The catch? Each drug costs more than $1,500 for only a month’s supply. The cost per tablet is $17 and $25 respectively. Why so much? That’s a good question that doesn’t have a logical answer. Although nearly 90 percent of the drugs Americans take are inexpensive generics, a small segment – about 1 percent of all drugs prescribed – falls into a category known as “specialty drugs”.


ROGER COLLIER“The winning streak continues as employers predict another year of low health benefit cost growth in 2016.” – That’s the headline to the announcement from international benefits consultants Mercer Inc. of the preliminary findings from their latest employer survey.

Sounds good, right? Finally, healthcare costs are under control.

Unfortunately, reading the survey results gives another, very different impression.

What the survey actually found was that employers predict that health benefit costs per employee will rise by 4.2 percent on average in 2016—after they make planned changes such as raising deductibles or switching carriers.

The survey announcement enthuses about what it calls the “slow-down in the underlying cost growth”(that is, the increase ifno changes were made to employer plans). Specifically, without plan changes employer costs would have increased by 6.4 percent for 2016, and 7.1 percent in 2015. Mercer notes that the 2016 projection is the lowest rate of underlying cost growth seen since 2005, and that 2016 will be the fifth year of benefit cost growth below 5 percent.

So, is this good news?

Well, no. For three reasons.


flying cadeuciiTo understand how a landmark new report on diagnostic error breaks the mold, go past the carefully crafted soundbite ­(“Most people will experience at least one diagnostic error in their lifetime, sometimes with devastating consequences”) and rummage around the report’s interior.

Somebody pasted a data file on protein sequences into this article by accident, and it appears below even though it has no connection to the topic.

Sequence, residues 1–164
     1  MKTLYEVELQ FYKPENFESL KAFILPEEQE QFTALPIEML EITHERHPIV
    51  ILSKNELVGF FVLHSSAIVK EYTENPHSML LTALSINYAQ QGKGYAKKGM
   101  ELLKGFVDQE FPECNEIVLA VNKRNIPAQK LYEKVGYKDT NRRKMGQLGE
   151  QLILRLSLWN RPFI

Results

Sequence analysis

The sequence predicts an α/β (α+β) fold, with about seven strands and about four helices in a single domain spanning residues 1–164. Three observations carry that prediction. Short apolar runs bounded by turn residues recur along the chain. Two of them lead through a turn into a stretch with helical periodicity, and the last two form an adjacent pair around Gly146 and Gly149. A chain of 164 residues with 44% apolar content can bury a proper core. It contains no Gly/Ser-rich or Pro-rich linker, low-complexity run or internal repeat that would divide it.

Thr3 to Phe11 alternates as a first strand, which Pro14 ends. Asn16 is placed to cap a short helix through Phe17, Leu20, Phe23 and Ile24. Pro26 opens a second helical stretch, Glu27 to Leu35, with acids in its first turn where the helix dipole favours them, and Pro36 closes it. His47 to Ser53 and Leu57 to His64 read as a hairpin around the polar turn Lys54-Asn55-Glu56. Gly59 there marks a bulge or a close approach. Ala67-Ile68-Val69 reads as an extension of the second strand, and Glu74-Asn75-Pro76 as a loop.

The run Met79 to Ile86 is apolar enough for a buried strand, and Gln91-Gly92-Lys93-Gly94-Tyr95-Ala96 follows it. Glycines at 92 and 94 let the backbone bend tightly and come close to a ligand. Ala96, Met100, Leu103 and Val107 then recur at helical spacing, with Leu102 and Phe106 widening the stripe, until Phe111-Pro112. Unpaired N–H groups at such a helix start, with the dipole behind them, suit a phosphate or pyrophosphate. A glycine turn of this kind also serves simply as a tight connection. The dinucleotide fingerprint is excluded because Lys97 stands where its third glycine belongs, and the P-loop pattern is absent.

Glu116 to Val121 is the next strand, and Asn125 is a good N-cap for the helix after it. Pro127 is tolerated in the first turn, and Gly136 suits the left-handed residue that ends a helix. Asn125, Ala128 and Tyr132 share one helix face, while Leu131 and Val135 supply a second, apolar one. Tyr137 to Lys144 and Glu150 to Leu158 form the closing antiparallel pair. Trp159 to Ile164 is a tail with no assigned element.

You can’t get much more medical establishment than the Institute of Medicine (IOM), also called the National Academy of Medicine, author of the just-released Improving Diagnosis in Health Care. Yet in a chapter discussing the role played in diagnostic accuracy by clinician characteristics, there’s a shockingly forthright discussion of the perils of age and arrogance.

“As clinicians age, they tend to have more trouble considering alternatives and switching tasks during the diagnostic process,” the report says. Personality factors can cause errors, too: “Arrogance, for instance, may lead to clinician overconfidence.”

Wow. Sure, both those assertions are extensively footnoted and hedged later with talk of the importance of teams (see below). Still, given the source, this practically qualifies as “trash talking.”

Of course, those quotes didn’t make it into the press release. There, inflammatory language was deliberately avoided so as not to give opponents any easy targets. (Disclosure: I was an advocate of an IOM report on this topic while consulting to an organization that eventually helped fund it. After testifying at the first committee meeting, I had no subsequent involvement.)


John GoodmanBeginning in 2018, high-cost, private sector health plans will be subject to a special levy, popularly known as the “Cadillac plan” tax. Under a provision of the Affordable Care Act, health plans must pay a tax equal to 40 percent of each employee’s health benefits to the extent they exceed $10,200 for individual coverage and $27,500 for family coverage

In many ways, the Cadillac Plan tax is a stealth tax. It doesn’t even become effective until eight years after the Affordable Care Act passed Congress. And back in 2008, the thresholds were so high that it must have seemed like the tax would apply only to a handful of employers. But health care inflation has a way of escalating base line costs through time.

So much so that a Kaiser Family Foundation study estimates that the first year it is applicable, one in four employers will be subject to the Cadillac plan tax unless they change their benefits. Going forward, the thresholds are indexed to the rate of general inflation – which historically is well below the rate of medical cost inflation. As a result, the study estimates that the share of employers potentially affected could grow to 30 percent by 2023 and 42 percent by 2028.